Baseline Will Help Researchers Identify Tsunami Debris


Jennifer Canfield/KMXT

Efforts to deal with debris from last year’s Japanese tsunami are moving forward. Dave Gaudet is the marine debris program coordinator for the Marine Conservation Alliance Foundation. He says that politicians and policy-makers are finally starting to address the issue.

— (Debris Monitoring 1 :19 "There hasn’t been anybody politically that’s really started to watch this, until now. It’s becoming much more front and center. People realize that it’s probably coming. We don’t know how much. We’ve got an idea when it might get here. We don’t know what we’re going to do if it shows up in force.")

This morning Senator Lisa Murkowski hosted a discussion with Gaudet, Peter Murphy from NOAA’s Marine Debris Program and Kristin Ryan from the state’s Department of Environmental Conservation.
As for Senator Mark Begich, this week he sent a letter to NOAA head Jane Lubchenco stating his support for NOAA’s Marine Debris Program and Hawaiian Senator Daniel Inouye’s Trash Free Seas Act .
The mass of debris, which Gaudet says satellites lost track of on April 14th of last year, is expected to hit the Hawaiian Islands National Wildlife Refuge as soon as this spring. That prediction is based on research done by the University of Hawaii. The last known sighting of the debris field was last fall.

— (Debris Monitoring 2 :20 "There was a Russian ship that went through the debris field in about mid to late September and they were pretty positive it was the debris field because they found such things as an overturned boat. They saw lots of household appliances floating such as stoves, microwaves, TVs and things like that.")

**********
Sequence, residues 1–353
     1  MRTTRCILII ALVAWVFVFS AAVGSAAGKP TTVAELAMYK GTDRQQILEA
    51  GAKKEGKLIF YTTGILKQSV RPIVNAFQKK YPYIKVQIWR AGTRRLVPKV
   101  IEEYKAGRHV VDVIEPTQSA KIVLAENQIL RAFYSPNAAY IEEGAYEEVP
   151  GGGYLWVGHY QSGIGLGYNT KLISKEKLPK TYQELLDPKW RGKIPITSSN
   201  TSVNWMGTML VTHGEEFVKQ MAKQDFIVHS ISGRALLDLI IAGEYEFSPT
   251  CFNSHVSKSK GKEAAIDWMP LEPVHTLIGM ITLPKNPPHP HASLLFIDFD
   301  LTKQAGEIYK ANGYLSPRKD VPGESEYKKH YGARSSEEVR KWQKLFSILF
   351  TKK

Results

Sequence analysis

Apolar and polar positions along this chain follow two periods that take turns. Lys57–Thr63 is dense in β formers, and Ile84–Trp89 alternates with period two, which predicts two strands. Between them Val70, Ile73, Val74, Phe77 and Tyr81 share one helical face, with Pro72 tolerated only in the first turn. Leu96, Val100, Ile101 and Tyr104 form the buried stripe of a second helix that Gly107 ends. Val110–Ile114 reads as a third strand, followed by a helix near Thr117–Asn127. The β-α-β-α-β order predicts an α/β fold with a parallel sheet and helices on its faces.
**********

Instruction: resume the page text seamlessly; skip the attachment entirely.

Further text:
Gaudet says there are two ways marine debris can travel. Much of what is already showing up on beaches are light, foam floats that travel with the wind. Heavier items travel with the ocean’s currents. Finding Japanese buoys on Alaska’s shores is not unusual, so having a baseline is key to understanding how much debris is actually from the tsunami. Gaudet says MCA has been doing marine debris cleanups on Alaska beaches since 2003. They know that fishing lines, nets and water bottles make up the bulk of "normal" debris.

— (Debris Monitoring 3 :25 "Because the tsunami just took homes and businesses and washed them back into the sea, if the debris starts to show up we would expect to see a different type of composition. We also might see items that are clearly marked, that they were from that part of Japan. They might have the town’s name on them or something like that. That would tell us that it was very likely to be from the tsunami.")

Part of the plan that emerges might be that observers are dispatched to beaches where no baseline for marine debris has been established. Gaudet says a more concrete strategy for monitoring debris from the tsunami should emerge quickly. He’s already enlisted the help of locals in the communities of Kodiak, Craig, Sitka and Yakutat. Gaudet expects monitoring to officially begin sometime next week.

NOAA’s Marine Debris Program Tsunami FAQs:

Marine Conservation Alliance Foundation Survey Results:

Sen. Murkowski’s Roundtable Discssion (10:30 am):

Sen. Inouye’s Trash Free Seas Act:|/home/LegislativeData.php|

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